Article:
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Baby Mountain Gorillas Celebrated by 40,000 People in Rwanda

The views expressed are those of the author and are not necessarily those of Scientific American.


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mountain gorilla babyWell I just found something to add to my bucket list. Earlier this month 40,000 people gathered in Rwanda for the 10th Kwita Izina, the annual ceremony that celebrates and names all of the known mountain gorillas (Gorilla beringei beringei) born during the previous year in the Virunga National Park Transboundary Collaboration, which stretches across Rwanda, the Democratic Republic of the Congo and Uganda. This year’s event honored 18 births, up from 12 last year.

Based on a Rwandan tradition for naming children soon after their births, Kwita Izina invites dignitaries from Rwanda and around the world to name the young gorillas. Name-givers in previous years have included Pres. Bill Clinton and Microsoft co-founder Bill Gates. This year’s dignitaries included the prime minister of Rwanda, the Netherlands and U.S. ambassadors to Rwanda, Kenyan marathon world-record holder and peace ambassador, Tegla Loroupe, and several tourism and business executives.

The gorillas themselves obviously remained in the wild and were not in attendance but each was represented by a photo and celebrated with traditional dances, paintings and other arts. As the ceremony proceeded, they received names that showed their importance to the Rwandan people, including Kundurwanda (love Rwanda), Ndengera (protect me), Kwigira (self-resilience), Inzozi (dreams) and Birashoboka (it is possible).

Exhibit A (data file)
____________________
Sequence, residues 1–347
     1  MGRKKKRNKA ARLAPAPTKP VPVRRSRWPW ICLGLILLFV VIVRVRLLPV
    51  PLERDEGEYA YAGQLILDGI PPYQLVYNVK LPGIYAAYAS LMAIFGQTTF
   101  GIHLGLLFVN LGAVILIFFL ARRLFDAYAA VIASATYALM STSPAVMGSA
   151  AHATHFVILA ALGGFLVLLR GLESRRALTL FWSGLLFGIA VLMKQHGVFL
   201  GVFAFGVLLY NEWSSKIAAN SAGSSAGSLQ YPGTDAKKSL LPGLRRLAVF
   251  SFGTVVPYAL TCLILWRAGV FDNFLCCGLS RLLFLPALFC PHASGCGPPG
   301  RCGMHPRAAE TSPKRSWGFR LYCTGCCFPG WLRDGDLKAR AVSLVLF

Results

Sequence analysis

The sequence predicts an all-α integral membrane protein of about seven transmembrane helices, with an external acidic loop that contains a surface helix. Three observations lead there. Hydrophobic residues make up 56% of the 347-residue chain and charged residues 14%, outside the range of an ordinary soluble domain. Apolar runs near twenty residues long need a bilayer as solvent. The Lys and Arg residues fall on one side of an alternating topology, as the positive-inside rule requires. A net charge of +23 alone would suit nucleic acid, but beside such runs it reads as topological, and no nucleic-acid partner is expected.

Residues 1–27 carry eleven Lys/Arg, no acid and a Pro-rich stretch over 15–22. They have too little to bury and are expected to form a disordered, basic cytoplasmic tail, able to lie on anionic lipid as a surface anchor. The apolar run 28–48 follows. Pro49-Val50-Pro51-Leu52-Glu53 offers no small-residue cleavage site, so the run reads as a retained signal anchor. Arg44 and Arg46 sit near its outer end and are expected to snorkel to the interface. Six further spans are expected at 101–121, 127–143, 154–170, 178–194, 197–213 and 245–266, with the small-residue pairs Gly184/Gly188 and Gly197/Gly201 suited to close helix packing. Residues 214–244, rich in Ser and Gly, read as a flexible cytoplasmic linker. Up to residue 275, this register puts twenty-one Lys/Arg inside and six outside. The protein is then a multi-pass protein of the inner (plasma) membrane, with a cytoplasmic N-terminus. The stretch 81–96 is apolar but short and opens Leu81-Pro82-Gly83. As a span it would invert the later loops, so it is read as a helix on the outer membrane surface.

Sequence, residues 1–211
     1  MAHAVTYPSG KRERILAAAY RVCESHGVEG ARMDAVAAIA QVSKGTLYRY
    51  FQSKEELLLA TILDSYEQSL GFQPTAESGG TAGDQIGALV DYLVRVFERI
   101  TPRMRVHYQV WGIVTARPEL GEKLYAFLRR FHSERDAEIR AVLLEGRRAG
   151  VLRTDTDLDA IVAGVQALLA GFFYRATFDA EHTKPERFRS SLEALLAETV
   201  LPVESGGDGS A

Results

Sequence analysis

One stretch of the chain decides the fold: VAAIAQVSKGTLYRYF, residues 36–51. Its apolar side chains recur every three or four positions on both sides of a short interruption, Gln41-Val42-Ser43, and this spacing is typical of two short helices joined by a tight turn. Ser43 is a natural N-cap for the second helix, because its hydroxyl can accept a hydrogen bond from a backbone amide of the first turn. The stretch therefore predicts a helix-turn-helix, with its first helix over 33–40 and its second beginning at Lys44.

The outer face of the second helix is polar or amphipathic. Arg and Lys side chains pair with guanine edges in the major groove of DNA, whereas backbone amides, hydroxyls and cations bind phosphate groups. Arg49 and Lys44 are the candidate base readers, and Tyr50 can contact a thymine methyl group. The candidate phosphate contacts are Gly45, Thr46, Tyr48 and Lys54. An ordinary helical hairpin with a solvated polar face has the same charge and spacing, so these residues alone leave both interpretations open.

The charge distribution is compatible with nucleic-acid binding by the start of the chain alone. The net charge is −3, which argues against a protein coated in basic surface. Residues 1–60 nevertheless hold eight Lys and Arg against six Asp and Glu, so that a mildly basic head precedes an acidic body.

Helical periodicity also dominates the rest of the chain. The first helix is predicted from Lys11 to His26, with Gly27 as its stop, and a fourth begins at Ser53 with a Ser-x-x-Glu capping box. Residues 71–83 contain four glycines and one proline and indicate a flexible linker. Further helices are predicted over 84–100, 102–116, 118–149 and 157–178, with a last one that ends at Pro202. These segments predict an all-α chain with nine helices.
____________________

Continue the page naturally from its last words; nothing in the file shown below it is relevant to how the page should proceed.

In addition to celebrating the gorillas, the event also recognized their economic value. More than 1.1 million tourists visited Rwanda last year, contributing $294 million to the country’s economy. Only a portion of that tourism involved visiting mountain gorillas in the wild but a United Nations study published in 2013 found that mountain gorilla tourism was contributing to both wealth and peace in Rwanda. Five percent of the tourism profits from the national parks help to support the human communities living around gorilla habitats. This year those funds helped to build a new six-classroom primary school in Bigogwe, which officially opened during the Kwita Izina ceremony.

There are now about 880 critically endangered mountain gorillas living in the three countries, where they remain threatened by poaching, disease, habitat loss and regional unrest. More than 600 of the gorillas can be found in the Virunga parks.

Photo: Mountain gorilla baby Kundurwanda, born October 15. Via Kwita Izina on Flickr. Used under Creative Commons license

John R. Platt About the Author: Twice a week, John Platt shines a light on endangered species from all over the globe, exploring not just why they are dying out but also what's being done to rescue them from oblivion. Follow on Twitter @johnrplatt.

The views expressed are those of the author and are not necessarily those of Scientific American.





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